It's a sad and shameful truth that 50 years after the bloodshed in Selma -- 50 years after our prized Voting Rights Act -- African Americans have fewer, not more, voting protections today. This is a moral struggle. Once again, we must put on our marching shoes.
Friday night. I was waiting for my wife to come home with the pizza dinner and half watching the new season of True Detective. I casually cruised over to Facebook, certain everyone in the world was having a more exciting life than I. When I saw the message from the famed Loraine Hutchins, I knew immediately. I screwed up.
In the conclusion of my exclusive two-part audio montage series, I talked with celebrities, activists and filmmakers at the 17th annual Provincetown International Film Festival (PIFF) press luncheon.
I was sitting on a airplane, flying away from my hometown of Little Rock, Arkansas. I was headed back to Los Angeles, California, ready to get back into recording my first ever LP with my band, Valley Queen.
For Dylan Roof and others who would kill in the name of white supremacy, the Confederate battle flag and monuments honoring KKK leaders are not symbols of heritage or history. They act as inspiration, even justification, for the spread of hate and unthinkable violence.
Rockwell once gave us an idealized America, but he went on to provide illustrations of the difficult aspects of our nation, as well: racial conflict, civil rights, violence, poverty. Rockwell's America was complex and rich in its diversity. Kim Davis' America is an illusion.
Over the past two weeks there have been two incidents that have reinforced my belief that many of us in the LGBT community are sore winners.
As the NYPD rolls out this new plan, I hope those tasked with implementing the policy do not replace one legally discredited practice of hunch-based stops with an automated HunchLab system only to find themselves facing similar legal challenges to the fairness and effectiveness of this policing strategy.
Ending deferral of blood donations based on sexual orientation entirely is the only way to simultaneously avoid discrimination, preserve the safety of the blood supply, and maintain the FDA's credibility.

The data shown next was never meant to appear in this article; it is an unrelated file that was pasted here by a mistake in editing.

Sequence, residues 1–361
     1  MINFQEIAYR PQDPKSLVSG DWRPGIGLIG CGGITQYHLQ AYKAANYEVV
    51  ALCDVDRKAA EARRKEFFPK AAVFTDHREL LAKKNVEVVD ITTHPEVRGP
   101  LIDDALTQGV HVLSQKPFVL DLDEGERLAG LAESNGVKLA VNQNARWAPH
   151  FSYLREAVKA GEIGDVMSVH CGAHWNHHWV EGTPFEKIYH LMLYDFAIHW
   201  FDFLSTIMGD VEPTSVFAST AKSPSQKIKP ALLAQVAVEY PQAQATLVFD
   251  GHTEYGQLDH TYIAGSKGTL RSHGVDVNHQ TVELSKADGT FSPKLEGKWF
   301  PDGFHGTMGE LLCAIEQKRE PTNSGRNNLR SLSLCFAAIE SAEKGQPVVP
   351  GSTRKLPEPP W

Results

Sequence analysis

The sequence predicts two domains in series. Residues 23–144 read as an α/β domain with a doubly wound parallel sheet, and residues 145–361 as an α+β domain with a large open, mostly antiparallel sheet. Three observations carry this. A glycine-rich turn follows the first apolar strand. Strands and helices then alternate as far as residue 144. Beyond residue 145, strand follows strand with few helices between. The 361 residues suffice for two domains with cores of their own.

America has come a long way in pursuit of full equality, but it still has a long way to go and in all of these matters, we need to constantly remind ourselves that we need to better our inclusion.
All religions (and secular philosophies) teach the idea that we should look out for and care for one another. Sadly, the Religious Right and its ilk often do the exact opposite when they work to take away the rights of their fellow citizens.
The U.S. Supreme Court's recent rulings on gay marriage and the Housing Discrimination Act are two enormously important milestones united by more than a shared timeline. They are bound together by a shared purpose to dismantle discrimination in this country. But is that feasible?
Resolution 168/13 has enshrined and bolstered a social and political climate that puts black people in the Dominican Republic in grave danger.
Women and minorities have secured some rights that are here to stay -- different for each group -- while other rights are still elusive or being stripped away. There is always a backlash to equality, and it could last a very long time, as bigotry doesn't die easily. Like every group, LGBT people have to remain vigilant.
Leo Tolstoy said, "History would be something extraordinary if only it were true." True history is not scary or offensive. True history is eye-opening and jarring.
Here we are in the season to celebrate our nation's founding principles, and 33 percent of Americans can't name any of the five freedoms of the First Amendment. That's the latest finding from the Newseum Institute's annual survey on the State of the First Amendment.